The Collegian
Saturday, June 25, 2022

University plans to re-allocate pig roast funds for more inclusive events

<p>Two fraternity lodges on Old Fraternity Row.&nbsp;</p>

Two fraternity lodges on Old Fraternity Row. 

The University of Richmond has celebrated one weekend in April with a fraternity-sponsored day of drinking and barbecue for decades. But not this year.

UR canceled its 2020 Pig Roast in January citing the lack of participation and high expenses after changes in national fraternity rules.

The annual event would normally start in the morning and end in the afternoon on a Saturday in early April, with students celebrating near the fraternity lodges throughout the day. 

Pig Roast had one-third of its usual participation last year after fraternity rules changed at the national level from the North American Interfraternity Conference, said Meg Pevarski, associate director of Greek Life.

The new rules affected all events with alcohol that fraternities would sponsor on campus, including events at fraternity lodges. These rules added more restrictive guest list policies, more risk management members at each lodge and different rules to keep tabs on drinks per person at these events. 

UR spent an estimated $24,000 to $28,000 on Pig Roast last year, according to a statement from Center for Student Involvement Director Alison Keller. 

This spending included a tent with a stage, DJ and food in the parking lot near Fraternity Row as well as UR Police Department staffing costs and events management resources from RMC Events, an events management company the school uses for many large school events including football games and concerts, Pevarski said.

“We are looking to embrace new traditions and be good stewards of our resources,” she said. “Given a lot of the national changes regarding risk management from a … NIC perspective, the event had changed, and so it was no longer a university tradition that could be open for everyone. So we’re not doing it.”

The main sticking point for an event like Pig Roast was the new guest list policy that allowed only three guests per fraternity brother, making the event more exclusive than it had ever been previously.

UR still plans on using those thousands of dollars saved from Pig Roast on large-scale student events, according to a statement from Vice President of Student Development Steve Bisese. 

“The money saved from Pig Roast will be reallocated towards new, creative, dynamic types of programming, unable to be done previously,” Bisese wrote. “Recently, I have also committed additional funding to the SOBAC (Student Organization Budget and Appropriations Committee) process to be prioritized and distributed to recognized student organizations.”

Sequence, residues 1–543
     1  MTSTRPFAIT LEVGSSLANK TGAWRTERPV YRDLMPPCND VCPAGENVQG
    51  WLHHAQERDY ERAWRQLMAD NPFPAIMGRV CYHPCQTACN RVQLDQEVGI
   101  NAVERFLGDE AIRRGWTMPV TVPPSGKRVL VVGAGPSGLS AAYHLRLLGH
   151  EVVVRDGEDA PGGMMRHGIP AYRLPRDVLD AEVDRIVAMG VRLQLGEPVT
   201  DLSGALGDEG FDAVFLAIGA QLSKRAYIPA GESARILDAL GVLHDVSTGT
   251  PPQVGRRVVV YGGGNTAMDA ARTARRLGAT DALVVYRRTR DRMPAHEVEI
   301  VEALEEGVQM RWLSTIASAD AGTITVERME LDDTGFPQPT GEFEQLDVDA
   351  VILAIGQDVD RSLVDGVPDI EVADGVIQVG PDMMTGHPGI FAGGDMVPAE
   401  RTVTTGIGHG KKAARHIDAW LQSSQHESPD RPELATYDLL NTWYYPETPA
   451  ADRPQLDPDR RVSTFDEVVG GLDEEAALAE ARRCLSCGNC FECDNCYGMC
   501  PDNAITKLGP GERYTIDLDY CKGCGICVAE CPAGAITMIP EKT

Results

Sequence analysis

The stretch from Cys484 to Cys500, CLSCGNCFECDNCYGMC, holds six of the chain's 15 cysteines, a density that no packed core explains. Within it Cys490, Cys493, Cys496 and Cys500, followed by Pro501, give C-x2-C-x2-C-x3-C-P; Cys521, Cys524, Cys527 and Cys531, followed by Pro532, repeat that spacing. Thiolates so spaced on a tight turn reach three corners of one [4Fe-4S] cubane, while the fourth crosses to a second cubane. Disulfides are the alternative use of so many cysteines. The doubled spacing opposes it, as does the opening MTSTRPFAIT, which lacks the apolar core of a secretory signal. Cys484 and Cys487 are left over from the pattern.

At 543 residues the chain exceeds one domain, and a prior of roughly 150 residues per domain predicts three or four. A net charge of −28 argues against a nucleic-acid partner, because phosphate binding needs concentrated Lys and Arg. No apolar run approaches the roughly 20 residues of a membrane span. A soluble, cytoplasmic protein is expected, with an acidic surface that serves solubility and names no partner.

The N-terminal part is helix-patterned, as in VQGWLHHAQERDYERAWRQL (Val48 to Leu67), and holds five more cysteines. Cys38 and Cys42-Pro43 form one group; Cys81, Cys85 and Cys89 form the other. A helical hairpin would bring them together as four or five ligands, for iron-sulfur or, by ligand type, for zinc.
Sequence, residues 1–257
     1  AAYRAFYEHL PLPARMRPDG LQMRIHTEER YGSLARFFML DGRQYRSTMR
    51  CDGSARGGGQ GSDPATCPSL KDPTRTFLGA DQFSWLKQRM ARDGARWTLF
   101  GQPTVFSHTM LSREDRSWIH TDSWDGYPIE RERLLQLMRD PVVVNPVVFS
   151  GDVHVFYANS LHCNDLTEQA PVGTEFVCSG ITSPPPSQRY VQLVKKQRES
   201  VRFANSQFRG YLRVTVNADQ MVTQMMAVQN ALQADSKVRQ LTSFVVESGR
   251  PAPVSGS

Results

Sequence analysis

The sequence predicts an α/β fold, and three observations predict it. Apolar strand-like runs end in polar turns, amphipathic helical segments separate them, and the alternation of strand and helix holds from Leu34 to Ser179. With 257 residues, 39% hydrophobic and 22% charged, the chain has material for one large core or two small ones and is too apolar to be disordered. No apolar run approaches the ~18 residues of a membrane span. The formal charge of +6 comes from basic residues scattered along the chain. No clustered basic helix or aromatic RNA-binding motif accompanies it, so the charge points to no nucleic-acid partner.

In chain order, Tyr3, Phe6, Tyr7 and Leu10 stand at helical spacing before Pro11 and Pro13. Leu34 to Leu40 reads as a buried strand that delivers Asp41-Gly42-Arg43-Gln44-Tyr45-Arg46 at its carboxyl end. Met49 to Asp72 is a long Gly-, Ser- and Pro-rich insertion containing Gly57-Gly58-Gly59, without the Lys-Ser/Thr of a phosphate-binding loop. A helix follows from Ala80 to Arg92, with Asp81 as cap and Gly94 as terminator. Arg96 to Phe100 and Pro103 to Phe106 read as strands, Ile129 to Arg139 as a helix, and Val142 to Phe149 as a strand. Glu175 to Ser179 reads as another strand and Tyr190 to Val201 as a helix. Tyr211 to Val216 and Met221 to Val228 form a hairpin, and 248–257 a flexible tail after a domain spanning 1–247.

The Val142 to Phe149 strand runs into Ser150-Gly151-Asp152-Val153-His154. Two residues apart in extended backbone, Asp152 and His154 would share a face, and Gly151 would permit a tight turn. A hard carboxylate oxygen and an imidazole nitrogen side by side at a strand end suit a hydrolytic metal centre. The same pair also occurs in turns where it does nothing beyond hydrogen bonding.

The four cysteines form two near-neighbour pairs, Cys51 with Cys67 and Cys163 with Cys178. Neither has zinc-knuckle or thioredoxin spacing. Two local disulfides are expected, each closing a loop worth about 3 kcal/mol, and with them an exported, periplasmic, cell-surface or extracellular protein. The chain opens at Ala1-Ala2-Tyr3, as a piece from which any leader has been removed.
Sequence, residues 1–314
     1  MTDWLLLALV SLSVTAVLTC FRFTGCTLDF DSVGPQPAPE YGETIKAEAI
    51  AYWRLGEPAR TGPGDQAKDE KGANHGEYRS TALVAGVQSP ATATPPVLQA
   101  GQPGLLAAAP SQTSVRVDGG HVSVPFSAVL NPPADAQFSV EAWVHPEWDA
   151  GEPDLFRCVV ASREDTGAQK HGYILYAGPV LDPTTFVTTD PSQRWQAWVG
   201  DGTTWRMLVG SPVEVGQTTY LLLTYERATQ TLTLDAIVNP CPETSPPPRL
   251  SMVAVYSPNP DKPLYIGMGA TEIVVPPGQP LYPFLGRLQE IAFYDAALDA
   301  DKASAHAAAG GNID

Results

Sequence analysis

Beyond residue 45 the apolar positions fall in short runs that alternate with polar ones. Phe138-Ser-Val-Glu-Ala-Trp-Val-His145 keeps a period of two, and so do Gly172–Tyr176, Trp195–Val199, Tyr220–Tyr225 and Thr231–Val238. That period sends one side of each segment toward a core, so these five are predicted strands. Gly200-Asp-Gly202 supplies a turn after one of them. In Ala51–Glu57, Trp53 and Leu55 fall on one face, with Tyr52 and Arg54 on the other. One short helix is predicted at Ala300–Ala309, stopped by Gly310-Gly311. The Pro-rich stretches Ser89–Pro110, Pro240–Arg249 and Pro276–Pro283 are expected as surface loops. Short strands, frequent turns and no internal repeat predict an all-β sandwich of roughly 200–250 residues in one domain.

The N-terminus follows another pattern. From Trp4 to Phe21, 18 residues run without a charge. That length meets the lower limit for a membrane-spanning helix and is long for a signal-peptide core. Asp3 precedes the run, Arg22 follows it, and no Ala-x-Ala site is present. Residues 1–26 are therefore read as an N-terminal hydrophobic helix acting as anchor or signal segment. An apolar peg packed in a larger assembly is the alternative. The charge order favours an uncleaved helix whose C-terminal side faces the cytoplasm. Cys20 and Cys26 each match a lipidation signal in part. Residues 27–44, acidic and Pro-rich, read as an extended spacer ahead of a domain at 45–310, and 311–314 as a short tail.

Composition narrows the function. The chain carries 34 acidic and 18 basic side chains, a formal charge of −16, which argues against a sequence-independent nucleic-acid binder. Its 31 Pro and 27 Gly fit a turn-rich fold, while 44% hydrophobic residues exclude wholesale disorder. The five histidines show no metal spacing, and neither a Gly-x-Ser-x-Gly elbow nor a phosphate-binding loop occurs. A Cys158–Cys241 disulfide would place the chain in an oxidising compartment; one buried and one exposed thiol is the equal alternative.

There is no plan currently from UR to host an event on the weekend of Pig Roast as a replacement, Pevarski said. But there may be off-campus fraternity sponsored activities just as there could be on any other weekend. 

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UR is one of the last schools in the area to end this kind of day drinking event, Pevarski said. 

The University of Virginia stopped the tradition of “Easters” in 1982 after student protests, an event that was dubbed the “best party in America” by Playboy Magazine in the 1970s. James Madison University’s annual Springfest celebration was canceled after riots in 2010 in which 30 students were arrested. 

But it did not take protests or student arrests to discontinue Pig Roast at UR. 

Mir Sultan, who is the Richmond College Student Government Association senior class president and also a member of Delta Kappa Epsilon, saw the event change significantly from his first year until this year’s cancellation. In his time, it was an event that brought together a large swatch of students and alumni whether or not they were involved in Greek Life.

“We need more of those kinds of events where the whole student body can come together, and Pig Roast is one of them,” Sultan said.

Sultan said he would still like to have an event this April, even if just for seniors, along the lines of Toga Social in the fall. 

“Unanimously one thing the whole student [government] has known we have to do is like definitely organize more social events,” he said. “It’s not set in stone but we’re trying to do something around the last few weeks of this semester.”

Students will wait to see where the money saved will go for Greek organizations, student clubs and any other university sponsored events. 

Contact news contributor Connor Evans at

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